Critical Realism as an Underlying Philosophy for IS Research

Critical Realism as an Underlying Philosophy for IS Research

Philip J. Dobson (Edith Cowan University, Australia)
DOI: 10.4018/978-1-60566-026-4.ch131
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Abstract

Many recent articles from within the information systems (IS) arena present an old-fashioned view of realism. For example, Iivari, Hirschheim, and Klein (1998) saw classical realism as seeing “data as describing objective facts, information systems as consisting of technological structures (‘hardware’), human beings as subject to causal laws (determinism), and organizations as relatively stable structures” (p. 172). Wilson (1999) saw the realist perspective as relying on “the availability of a set of formal constraints which have the characteristics of abstractness, generality, invariance across contexts.” Fitzgerald and Howcroft (1998) presented a realist ontology as one of the foundational elements of positivism in discussing the polarity between hard and soft approaches in IS. Realism is placed alongside positivist, objectivist, etic epistemologies and quantitative, confirmatory, deductive, laboratory-focussed and nomothetic methodologies. Such a traditional view of realism is perhaps justified within the IS arena, as it reflects the historical focus of its use, however, there now needs to be a greater recognition of the newer forms of realism—forms of realism that specifically address all of the positivist leanings emphasised by Fitzgerald and Howcroft (1998). A particular example of this newer form of realism is critical realism. This modern realist approach is primarily founded on the writings of the social sciences philosopher Bhaskar (1978, 1979, 1986, 1989, 1991). The usefulness of such an approach has recently been recognized in the IS arena by Dobson (2001) and Mingers (2002).
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Introduction

Many recent articles from within the information systems (IS) arena present an old-fashioned view of realism. For example, Iivari, Hirschheim, and Klein (1998) saw classical realism as seeing “data as describing objective facts, information systems as consisting of technological structures (‘hardware’), human beings as subject to causal laws (determinism), and organizations as relatively stable structures” (p. 172). Wilson (1999) saw the realist perspective as relying on “the availability of a set of formal constraints which have the characteristics of abstractness, generality, invariance across contexts.”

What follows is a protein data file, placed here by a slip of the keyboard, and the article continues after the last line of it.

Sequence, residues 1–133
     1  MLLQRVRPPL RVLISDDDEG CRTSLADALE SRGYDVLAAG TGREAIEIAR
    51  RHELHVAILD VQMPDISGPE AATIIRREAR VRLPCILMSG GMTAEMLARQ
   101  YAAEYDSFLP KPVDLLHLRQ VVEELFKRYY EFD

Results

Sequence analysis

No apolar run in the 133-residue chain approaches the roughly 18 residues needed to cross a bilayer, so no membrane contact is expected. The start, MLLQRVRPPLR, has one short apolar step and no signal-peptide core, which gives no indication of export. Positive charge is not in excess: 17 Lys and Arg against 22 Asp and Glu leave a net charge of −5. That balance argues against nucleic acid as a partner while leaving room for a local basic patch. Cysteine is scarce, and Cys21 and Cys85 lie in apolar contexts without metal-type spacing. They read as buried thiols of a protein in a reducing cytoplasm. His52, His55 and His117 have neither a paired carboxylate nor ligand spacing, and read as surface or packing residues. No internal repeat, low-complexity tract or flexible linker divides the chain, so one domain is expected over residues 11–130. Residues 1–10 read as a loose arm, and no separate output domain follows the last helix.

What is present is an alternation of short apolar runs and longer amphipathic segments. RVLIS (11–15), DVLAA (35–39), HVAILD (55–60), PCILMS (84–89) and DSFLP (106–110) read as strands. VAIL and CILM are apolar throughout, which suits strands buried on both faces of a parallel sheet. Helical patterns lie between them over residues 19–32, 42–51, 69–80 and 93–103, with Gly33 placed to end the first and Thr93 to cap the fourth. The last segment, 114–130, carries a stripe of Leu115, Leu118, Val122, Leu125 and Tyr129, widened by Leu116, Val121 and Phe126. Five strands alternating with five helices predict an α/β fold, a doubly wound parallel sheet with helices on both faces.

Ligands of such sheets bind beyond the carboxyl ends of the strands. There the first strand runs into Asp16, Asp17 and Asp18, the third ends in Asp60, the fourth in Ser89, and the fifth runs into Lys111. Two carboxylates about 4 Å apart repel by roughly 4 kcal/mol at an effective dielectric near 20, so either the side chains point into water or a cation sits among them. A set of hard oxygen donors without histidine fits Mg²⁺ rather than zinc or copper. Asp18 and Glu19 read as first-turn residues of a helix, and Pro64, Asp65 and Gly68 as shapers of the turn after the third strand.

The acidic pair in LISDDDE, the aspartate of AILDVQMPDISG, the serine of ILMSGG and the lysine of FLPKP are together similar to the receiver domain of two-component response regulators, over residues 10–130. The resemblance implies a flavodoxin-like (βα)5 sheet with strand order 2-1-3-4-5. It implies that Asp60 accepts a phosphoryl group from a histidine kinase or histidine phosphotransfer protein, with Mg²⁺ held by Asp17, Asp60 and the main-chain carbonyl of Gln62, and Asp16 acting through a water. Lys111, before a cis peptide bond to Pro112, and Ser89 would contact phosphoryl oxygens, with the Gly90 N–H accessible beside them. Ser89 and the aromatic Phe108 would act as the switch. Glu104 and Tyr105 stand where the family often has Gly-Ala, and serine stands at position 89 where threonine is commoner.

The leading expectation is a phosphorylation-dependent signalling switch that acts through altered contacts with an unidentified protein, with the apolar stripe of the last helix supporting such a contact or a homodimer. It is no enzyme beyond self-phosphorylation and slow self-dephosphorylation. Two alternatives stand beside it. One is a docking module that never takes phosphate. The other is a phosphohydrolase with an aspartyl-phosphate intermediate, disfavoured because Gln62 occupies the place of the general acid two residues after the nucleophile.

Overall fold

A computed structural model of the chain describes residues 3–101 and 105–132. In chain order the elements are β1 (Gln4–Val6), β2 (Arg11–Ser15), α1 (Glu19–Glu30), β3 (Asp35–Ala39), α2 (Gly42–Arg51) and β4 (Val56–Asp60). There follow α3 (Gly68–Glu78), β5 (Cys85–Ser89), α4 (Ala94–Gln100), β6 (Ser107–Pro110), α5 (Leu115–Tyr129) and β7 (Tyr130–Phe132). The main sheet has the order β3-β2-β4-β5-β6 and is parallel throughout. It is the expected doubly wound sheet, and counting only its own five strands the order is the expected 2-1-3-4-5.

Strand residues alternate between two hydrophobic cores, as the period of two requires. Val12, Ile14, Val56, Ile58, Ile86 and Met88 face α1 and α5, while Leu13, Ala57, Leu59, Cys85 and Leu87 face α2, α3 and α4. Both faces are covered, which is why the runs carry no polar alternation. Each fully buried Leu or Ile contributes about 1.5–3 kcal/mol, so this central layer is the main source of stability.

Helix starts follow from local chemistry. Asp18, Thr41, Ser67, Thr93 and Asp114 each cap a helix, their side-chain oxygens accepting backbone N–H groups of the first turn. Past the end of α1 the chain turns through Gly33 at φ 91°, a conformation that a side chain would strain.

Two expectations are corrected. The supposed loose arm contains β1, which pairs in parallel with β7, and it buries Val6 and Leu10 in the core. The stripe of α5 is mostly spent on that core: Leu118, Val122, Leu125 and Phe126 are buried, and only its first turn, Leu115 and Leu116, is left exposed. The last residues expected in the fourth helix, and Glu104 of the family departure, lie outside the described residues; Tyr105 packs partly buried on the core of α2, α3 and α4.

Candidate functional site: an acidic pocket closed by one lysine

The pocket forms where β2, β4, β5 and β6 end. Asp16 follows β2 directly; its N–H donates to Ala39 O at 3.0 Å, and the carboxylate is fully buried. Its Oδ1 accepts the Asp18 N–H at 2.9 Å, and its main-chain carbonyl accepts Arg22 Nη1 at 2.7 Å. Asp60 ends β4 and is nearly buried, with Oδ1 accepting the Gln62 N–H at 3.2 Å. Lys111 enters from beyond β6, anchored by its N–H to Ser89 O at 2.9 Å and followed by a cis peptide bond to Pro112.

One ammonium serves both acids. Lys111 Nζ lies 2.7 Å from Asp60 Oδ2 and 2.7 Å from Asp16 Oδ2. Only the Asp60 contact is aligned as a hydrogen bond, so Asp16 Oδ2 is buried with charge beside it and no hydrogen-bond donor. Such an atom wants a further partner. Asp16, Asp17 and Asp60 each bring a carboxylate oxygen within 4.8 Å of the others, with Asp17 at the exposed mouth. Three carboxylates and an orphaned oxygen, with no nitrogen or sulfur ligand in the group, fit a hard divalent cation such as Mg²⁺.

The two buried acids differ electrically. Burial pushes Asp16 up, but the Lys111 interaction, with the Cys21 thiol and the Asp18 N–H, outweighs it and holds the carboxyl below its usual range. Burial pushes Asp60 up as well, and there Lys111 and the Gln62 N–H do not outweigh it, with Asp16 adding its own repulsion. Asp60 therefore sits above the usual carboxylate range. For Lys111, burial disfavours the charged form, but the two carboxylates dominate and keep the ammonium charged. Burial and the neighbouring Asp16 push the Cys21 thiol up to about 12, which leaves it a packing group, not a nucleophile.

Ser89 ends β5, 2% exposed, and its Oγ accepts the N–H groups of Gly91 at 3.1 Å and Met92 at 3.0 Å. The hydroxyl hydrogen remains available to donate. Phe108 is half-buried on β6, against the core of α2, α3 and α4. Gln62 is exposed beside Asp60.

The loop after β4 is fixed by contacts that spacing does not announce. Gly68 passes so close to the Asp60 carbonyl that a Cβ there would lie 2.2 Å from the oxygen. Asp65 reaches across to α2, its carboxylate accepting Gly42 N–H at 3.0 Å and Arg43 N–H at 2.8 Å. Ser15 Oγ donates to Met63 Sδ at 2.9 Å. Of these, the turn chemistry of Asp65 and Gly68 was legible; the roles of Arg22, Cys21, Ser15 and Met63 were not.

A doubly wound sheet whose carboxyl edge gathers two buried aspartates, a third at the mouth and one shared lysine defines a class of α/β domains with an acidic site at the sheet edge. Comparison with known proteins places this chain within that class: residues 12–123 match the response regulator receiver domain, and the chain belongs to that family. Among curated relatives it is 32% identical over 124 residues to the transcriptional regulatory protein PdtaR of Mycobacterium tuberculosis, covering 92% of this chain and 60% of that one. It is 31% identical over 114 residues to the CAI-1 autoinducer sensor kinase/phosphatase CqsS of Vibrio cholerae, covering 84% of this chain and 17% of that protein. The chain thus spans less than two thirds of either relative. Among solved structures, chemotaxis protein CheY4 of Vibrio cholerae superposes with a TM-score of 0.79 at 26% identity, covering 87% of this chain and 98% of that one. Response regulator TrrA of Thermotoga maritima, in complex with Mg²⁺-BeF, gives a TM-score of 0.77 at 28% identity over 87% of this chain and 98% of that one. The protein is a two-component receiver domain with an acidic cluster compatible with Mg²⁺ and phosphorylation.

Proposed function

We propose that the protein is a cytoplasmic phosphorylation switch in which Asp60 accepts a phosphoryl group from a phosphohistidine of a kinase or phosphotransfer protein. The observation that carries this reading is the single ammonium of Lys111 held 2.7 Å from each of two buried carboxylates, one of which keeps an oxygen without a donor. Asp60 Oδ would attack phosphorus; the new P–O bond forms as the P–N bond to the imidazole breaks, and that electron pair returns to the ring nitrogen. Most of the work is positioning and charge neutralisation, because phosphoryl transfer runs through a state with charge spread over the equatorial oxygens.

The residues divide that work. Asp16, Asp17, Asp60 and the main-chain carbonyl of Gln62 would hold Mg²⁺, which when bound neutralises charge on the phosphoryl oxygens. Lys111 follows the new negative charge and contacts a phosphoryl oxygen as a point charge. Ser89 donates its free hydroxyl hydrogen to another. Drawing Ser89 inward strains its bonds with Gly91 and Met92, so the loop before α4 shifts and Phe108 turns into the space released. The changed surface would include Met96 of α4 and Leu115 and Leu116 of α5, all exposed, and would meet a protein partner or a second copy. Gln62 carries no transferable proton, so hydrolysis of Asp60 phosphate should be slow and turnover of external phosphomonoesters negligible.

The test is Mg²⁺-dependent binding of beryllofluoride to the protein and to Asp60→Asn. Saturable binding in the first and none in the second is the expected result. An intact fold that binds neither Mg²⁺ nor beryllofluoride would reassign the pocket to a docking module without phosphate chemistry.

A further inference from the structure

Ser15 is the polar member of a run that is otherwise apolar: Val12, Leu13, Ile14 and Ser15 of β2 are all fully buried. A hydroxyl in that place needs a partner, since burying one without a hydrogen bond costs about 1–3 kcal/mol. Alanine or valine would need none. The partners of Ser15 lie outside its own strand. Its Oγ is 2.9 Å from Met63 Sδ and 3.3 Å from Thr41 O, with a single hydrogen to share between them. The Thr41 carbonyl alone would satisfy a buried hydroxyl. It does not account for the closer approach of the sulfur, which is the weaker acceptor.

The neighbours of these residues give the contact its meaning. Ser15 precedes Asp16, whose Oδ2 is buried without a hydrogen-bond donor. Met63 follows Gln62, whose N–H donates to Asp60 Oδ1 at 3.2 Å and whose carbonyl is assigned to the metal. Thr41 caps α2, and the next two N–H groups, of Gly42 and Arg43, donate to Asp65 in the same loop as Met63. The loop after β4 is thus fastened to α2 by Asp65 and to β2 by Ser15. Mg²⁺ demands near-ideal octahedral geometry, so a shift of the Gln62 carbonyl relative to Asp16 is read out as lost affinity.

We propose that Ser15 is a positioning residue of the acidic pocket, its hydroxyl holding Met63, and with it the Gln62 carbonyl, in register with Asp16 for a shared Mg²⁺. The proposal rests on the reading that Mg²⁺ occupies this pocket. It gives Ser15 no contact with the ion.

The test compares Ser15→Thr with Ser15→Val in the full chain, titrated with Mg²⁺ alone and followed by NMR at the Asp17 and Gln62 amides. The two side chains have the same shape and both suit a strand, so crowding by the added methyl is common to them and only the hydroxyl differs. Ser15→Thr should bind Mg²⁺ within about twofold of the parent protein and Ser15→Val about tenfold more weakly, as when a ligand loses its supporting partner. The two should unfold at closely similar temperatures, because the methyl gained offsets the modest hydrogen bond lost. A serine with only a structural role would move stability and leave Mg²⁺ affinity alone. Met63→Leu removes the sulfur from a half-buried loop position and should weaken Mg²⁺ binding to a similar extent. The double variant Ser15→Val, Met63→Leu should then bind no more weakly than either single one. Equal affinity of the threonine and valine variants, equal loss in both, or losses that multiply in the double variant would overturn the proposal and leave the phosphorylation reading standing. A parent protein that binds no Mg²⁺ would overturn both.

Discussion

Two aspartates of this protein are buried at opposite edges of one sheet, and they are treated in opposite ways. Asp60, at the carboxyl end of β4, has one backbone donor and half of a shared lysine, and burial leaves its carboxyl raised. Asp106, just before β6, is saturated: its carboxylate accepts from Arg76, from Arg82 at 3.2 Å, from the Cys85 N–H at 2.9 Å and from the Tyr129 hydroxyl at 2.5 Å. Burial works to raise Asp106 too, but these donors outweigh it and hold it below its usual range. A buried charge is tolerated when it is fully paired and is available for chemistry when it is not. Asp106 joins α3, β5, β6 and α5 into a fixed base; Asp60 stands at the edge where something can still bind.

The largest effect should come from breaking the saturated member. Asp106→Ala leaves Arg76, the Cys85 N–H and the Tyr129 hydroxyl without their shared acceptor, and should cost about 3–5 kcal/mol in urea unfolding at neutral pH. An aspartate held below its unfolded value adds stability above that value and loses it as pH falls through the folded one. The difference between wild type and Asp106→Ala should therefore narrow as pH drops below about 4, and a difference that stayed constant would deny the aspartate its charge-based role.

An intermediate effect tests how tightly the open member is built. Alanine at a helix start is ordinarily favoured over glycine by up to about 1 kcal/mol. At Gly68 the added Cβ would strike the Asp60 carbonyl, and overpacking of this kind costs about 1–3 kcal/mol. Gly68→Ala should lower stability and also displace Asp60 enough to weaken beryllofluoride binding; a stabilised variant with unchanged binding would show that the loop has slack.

Fitzgerald and Howcroft (1998) presented a realist ontology as one of the foundational elements of positivism in discussing the polarity between hard and soft approaches in IS. Realism is placed alongside positivist, objectivist, etic epistemologies and quantitative, confirmatory, deductive, laboratory-focussed and nomothetic methodologies. Such a traditional view of realism is perhaps justified within the IS arena, as it reflects the historical focus of its use, however, there now needs to be a greater recognition of the newer forms of realism—forms of realism that specifically address all of the positivist leanings emphasised by Fitzgerald and Howcroft (1998). A particular example of this newer form of realism is critical realism. This modern realist approach is primarily founded on the writings of the social sciences philosopher Bhaskar (1978, 1979, 1986, 1989, 1991). The usefulness of such an approach has recently been recognized in the IS arena by Dobson (2001) and Mingers (2002).

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Background